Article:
It’s a fact that many Cubans prefer to take the risk and stay at home, hiding their symptoms from researchers. They fear being admitted into a hospital in deplorable conditions or forced into isolation centers. There are also serious medicine shortages in both, just like in the pharmacies.

Read more from Osmel Ramirez’s diary here on Havana Times.

Osmel Ramirez

I'm from Mayari, a little village in Holguín. I was born on the same day that the Vietnam War ended on April 30, 1975. A good omen, since I identify myself as a pacifist. I am a biologist but I am passionate about politics, history and political philosophy. Writing about these topics, I got to journalism, precisely here on Havana Times. I consider myself a democratic socialist and my main motivation is to try to be useful to the positive change that Cuba needs.


One thought on “Mayari Sees Big Jump in Covid-19 Cases

  • April 2, 2021 at 9:28 am
    Permalink

    Osmel writes: “The COVID-19 pandemic is out of control in Cuba…” Likewise, the COVID-19 pandemic is out of control in Canada, specifically in the province of Ontario. The Ontario government has announced (Thursday, April 01/’21) a month long province wide “shut down”, (28 days to be exact), that is, restaurants, hair salons, barbershops, gyms, all to be closed, effective Saturday, April 03/’21.

    Why? Thursday, April 01/’21 marked the eighth straight day in which the province reported more than 2,000 daily COVID-19 cases. Those numbers replicate the worst scenario that occurred in early January where hospitals, particularly Intensive Care Units (ICUs) in southern Ontario, were about to be in excess of capacity creating a dire health care crisis. Today that crisis is being manifested again. According to CTV News (Wednesday, March 31, 2021) : “Without additional public health measures, modelling done by the University of Toronto predicted between 1,000 to 1,600 people could be in intensive care by the end of April.” Dire, indeed!

    From a national perspective involving all of Cuba, Osmel writes that the COVID-19 count “… has multiplied 16 times, while deaths have multiplied by 6.” That is not good. Moreover, he compares the Cuban national average with Mayari and the medical situation, unfortunately, is even worse. Now, deaths are happening. Again, a tragedy.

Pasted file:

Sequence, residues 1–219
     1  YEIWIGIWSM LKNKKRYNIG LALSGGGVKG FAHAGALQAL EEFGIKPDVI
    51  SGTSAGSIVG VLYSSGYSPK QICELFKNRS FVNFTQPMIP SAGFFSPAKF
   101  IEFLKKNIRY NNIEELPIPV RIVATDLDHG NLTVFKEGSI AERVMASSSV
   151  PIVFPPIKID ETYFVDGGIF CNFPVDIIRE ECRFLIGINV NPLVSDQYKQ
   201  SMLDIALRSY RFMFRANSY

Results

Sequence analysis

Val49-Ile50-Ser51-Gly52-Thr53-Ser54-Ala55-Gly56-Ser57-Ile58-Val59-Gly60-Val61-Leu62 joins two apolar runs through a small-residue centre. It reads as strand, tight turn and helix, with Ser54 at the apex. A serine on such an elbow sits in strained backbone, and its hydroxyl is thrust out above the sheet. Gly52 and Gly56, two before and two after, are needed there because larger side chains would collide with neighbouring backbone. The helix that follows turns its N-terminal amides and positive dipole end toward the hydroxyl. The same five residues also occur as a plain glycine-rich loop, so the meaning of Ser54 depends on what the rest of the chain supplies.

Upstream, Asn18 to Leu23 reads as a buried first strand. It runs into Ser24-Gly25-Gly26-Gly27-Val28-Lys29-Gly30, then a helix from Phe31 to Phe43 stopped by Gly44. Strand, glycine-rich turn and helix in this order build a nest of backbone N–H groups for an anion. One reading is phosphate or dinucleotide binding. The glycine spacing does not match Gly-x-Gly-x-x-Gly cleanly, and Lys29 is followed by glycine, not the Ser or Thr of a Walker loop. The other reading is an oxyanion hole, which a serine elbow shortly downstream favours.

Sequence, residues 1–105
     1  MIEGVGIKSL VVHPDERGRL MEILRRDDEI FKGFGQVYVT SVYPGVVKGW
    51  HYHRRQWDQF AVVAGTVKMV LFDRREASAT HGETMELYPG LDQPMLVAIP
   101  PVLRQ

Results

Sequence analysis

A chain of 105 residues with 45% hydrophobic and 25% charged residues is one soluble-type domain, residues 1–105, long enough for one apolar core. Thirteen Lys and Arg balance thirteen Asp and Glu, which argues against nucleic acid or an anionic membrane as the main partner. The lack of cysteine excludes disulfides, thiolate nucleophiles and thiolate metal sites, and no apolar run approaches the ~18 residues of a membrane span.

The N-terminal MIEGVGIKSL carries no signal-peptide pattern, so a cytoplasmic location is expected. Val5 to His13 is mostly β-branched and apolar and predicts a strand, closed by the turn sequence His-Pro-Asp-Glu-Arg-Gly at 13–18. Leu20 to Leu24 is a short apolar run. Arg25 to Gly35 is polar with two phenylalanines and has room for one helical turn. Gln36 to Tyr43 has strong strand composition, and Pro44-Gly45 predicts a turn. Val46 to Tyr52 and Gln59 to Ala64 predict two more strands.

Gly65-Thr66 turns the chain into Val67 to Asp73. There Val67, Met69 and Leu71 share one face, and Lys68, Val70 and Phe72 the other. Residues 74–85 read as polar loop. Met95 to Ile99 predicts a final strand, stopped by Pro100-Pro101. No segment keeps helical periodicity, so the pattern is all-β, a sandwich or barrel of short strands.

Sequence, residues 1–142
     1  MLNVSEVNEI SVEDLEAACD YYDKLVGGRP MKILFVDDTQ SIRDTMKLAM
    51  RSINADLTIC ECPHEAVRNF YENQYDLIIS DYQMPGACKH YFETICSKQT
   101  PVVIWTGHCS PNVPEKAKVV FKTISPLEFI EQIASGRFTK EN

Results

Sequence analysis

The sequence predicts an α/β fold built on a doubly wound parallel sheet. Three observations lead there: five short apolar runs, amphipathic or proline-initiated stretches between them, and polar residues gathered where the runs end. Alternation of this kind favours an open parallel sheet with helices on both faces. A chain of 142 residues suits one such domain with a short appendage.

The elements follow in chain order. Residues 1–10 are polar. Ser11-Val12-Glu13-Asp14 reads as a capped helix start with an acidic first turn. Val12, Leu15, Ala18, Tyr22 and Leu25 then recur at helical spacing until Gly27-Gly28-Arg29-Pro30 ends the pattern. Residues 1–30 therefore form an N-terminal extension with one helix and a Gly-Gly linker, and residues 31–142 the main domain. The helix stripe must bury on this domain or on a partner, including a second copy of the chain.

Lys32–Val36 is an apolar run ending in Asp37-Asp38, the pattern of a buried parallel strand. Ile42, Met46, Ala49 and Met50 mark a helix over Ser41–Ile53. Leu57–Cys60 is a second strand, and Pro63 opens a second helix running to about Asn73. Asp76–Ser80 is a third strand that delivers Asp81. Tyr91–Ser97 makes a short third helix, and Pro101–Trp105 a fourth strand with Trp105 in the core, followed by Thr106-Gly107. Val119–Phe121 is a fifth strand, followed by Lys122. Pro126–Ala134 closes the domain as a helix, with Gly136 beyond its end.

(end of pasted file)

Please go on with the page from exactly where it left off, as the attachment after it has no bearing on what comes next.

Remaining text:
Similarly, here in Ontario the COVID crisis has turned critical, particularly, in southern Ontario, Toronto, York, Peel, Hamilton, where these areas were in quasi lockdown mode in the recent weeks but now like the rest of the province will be in full shutdown mode for at least a month.

    Osmel poses the question: “What has happened for the situation to change?” In other words, the situation seemed to be improving as COVID case counts were decreasing and now the pandemic situation is no better off than what it was one year ago – both in Cuba and Canada. Certainly in Canada, new variant strains introduced into the country from abroad is one factor that has put a proverbial monkey wrench into the spokes of COVID constriction.

    During the pandemic in Cuba, Osmel writes one of the reasons Cubans would rather stay at home, if infected, is to keep away from authorities and “researchers”. He says: “It’s a fact that many Cubans prefer to take the risk and stay at home, hiding their symptoms from researchers.”
    In Canada, the exact opposite. Workers, particularly front line workers in low paying jobs will go to work even when the chances of getting infected are high because these lowly paid workers cannot afford financially to stay at home. The government refuses to pay workers if they get sick to stay home a few days to recuperate, so many out of sheer desperation go to work in order to feed their families and pay the rent. Their risk of infection and spread is astronomical.

    So what is the long term solution? Cuban doctor, Dr. Duran, is absolutely correct in his prognosis: “It seems like this won’t stop until they start vaccinating everyone,” he said.” Ditto for Canada, and ditto globally.

Leave a Reply

Your email address will not be published. Required fields are marked *